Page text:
The Japanese efforts to subdue the tiny American garrison on Wake Island in the central Pacific in December 1941 is generally regarded as one of the few bright spots on the Allied ledger for the opening months of the Pacific War. American propagandists, desperate for any bit of good news after the Pearl Harbor disaster and bad news from the Philippines, were quick to focus on the U.S. Marine defenders on Wake who repulsed the initial Japanese attempt to seize the island. In Osprey's Wake Island 1941, author Jim Moran shows that the reality was a bit different. The siege of Wake lasted barely two weeks and other than the successful defense against the first invasion attempt on 11 December, most of the rest of the siege was pretty bleak for the defenders. Furthermore, Moran details that the island was actually under US Navy command and that there was a small US Army presence on the island as well. While Moran relies primarily on official US records for his narrative, the real selling point of this volume is the numerous current color photos of Wake taken by the author during a visit to the island in 2009. These photos, ranging from old bunkers and artillery pieces to the invasion area and monuments, add an interesting `After the Battle' feel to the volume. Overall, the author provides a dramatic, first-person kind of narrative that many readers should appreciate, although it is a bit weak on analysis.
In the standard introductory sections, the author lays out the strategic setting that led to the Wake Island campaign, the opposing leaders, forces and plans. Even though the US Hepburn Board had provided $7.5 million in 1938 to build an airbase on Wake, the US military did not actually take action to deploy U.S. Marines to the island until August 1941. However, the Marine garrison was still under 400 men by December 1941 and the first fighter squadron (VMF-211) did not arrive until four days before the war began. Despite the fact that Wake Island had been identified as a critical facility in event of war in the Pacific, the U.S. military was very slow to put plans or forces in place to defend it. In essence, Wake Island was lost before the war even began and no amount of heroism was guying to buy back squandered time or failure to provide adequate resources (like barbed wire - not exactly an expensive or scarce resource). Meanwhile, the Japanese were massing air and naval forces in the central Pacific, with the intent of seizing Wake at the outset of the war (the author doesn't mention whether the U.S. cracking of the JN-25b code provided any early warning about Wake).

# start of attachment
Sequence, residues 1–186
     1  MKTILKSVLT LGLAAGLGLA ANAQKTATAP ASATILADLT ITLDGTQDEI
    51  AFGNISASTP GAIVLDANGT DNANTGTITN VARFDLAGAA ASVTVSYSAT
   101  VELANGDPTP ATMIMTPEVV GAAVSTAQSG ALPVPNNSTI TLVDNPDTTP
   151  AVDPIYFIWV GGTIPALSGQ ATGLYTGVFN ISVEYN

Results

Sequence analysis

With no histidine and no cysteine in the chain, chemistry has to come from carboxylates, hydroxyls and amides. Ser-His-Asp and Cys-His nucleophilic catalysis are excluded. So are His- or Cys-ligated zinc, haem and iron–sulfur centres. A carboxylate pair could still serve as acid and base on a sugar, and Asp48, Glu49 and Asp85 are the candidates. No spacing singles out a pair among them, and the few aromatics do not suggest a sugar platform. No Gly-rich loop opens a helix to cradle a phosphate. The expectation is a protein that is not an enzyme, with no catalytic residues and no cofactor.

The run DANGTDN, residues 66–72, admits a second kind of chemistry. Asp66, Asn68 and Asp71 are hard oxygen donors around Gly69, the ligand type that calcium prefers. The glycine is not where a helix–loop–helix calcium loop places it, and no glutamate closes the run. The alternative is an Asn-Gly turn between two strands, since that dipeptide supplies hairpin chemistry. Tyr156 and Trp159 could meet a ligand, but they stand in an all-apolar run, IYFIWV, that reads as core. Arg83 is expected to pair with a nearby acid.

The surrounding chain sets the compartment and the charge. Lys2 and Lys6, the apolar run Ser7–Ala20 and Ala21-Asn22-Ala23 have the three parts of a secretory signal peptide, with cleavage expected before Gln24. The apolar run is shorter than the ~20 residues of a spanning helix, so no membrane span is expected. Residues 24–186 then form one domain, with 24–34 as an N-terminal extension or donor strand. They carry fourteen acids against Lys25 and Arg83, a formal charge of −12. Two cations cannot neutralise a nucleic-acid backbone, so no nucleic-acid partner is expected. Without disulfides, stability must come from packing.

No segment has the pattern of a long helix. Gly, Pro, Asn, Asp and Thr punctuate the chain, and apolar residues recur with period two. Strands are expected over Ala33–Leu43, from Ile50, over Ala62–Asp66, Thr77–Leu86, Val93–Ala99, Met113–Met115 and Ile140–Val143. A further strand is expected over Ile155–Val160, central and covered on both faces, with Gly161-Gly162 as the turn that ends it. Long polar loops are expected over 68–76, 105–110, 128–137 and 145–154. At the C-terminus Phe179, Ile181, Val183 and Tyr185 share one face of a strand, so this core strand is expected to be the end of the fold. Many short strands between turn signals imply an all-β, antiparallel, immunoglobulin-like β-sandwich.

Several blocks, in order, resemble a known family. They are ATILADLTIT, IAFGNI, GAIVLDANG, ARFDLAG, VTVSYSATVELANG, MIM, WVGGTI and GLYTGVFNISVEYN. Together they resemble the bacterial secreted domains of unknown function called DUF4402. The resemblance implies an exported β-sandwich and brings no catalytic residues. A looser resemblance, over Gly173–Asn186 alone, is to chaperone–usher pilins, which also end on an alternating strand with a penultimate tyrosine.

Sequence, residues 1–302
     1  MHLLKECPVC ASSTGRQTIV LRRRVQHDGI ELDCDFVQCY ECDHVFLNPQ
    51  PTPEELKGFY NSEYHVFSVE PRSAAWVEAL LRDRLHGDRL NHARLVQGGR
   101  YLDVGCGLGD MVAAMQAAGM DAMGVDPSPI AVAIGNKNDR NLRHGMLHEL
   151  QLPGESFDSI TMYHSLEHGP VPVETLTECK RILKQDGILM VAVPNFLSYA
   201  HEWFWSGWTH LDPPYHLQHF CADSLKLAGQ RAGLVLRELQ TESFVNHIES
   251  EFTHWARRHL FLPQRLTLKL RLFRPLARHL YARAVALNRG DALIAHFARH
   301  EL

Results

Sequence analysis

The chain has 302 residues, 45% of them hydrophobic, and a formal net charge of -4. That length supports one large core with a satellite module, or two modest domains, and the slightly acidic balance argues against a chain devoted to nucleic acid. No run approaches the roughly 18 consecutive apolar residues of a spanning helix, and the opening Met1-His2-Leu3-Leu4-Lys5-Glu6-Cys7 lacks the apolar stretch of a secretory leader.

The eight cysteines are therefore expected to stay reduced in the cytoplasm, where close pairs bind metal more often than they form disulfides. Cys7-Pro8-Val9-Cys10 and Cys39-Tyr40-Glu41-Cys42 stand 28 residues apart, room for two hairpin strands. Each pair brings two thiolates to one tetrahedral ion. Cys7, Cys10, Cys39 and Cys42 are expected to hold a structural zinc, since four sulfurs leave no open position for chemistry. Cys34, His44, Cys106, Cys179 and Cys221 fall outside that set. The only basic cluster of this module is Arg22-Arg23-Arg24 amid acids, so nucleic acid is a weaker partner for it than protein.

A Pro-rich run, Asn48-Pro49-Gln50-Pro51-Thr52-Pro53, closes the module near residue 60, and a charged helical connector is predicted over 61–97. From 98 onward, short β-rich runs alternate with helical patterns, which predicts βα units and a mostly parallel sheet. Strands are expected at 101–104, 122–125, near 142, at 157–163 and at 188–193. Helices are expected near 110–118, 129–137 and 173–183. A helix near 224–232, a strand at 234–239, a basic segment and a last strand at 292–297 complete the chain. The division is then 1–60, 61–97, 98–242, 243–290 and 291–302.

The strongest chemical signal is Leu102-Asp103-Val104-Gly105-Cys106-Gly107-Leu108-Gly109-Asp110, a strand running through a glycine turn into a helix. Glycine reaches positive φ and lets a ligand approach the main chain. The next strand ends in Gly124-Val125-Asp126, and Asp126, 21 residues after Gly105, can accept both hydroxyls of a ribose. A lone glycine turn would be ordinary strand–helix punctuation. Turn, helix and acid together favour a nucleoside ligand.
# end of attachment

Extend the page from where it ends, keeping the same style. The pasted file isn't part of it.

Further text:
The 54-page campaign narrative is the bulk of the volume and provides very tactical coverage of each action. The author also effectively combines Japanese accounts and information with U.S. accounts to produce a fairly seamless narrative. My only concerns with this volume is the lack of analysis and the lack of overall statistics on combat casualties. The Japanese landings on Wake were one of the very few times that SNLF troops conducted serious opposed amphibious assaults in the Second World War and the Japanese did not do very well. Japanese success at Wake was based on numbers and tenacity, not tactical skill. If the Marines had emplaced barbed wire obstacles on the beach and had enough machineguns to provide interlocking fields of fire, both landing attempts would have failed. There is no indication that the SNLF brought ANGLICO-type teams ashore to coordinate air support and naval gunfire and Japanese amphibious tactics appear reminiscent of Gallipoli in 1915. On the other hand, the ridiculous US effort to `relieve' Wake was a half-hearted gesture, since even if the Saratoga task group had succeeded, the delivery of 200 more Marines and a dozen Brewster Buffaloes certainly going to change the fact that the Japanese could plaster the island at will. The volume has a total of five 2-D maps (situation in the Pacific, December 1941; Wake Island defensive positions; naval situation around Wake Island, December 8-23, 1941; situation on Wake and Wilkes Island, 1300-0400 hours 23 December 1941; situation on Wake Island at time of surrender) and three 3-D BEV maps (attempted Japanese landings, 11 December 1941; fighting on Wilkes Island, 23 December 1941; Japanese landings, 23 December 1941) that fully support the narrative. In particular, the small scope of the battle lends itself well to 3-D map visualization. The three battle scenes by Peter Dennis (Captain `Hammering Hank' Elrod bags his second Japanese bomber, 10 December 1941; battery L sinks the Hayate early dawn, 11 December 1941; Maizuru landing force suffers heavy casualties from Hanna's gun, 23 December 1941) are excellent, as usual.
The defense of Wake Island helped to demonstrate American resolve - well sort of, if you don't include the relief attempt - but it was a hopeless action from the start. This volume also helps to frame the issue of what happens when a nation states a defense requirement but then fails to enact timely measures to make it a viable strategy. In 1941, the U.S. wanted air bases in the central Pacific, but made no real effort to defend Guam or Wake until just before the balloon went up - dooming their small garrisons to captivity and handing the Japanese air bases paid for by the U.S. taxpayers.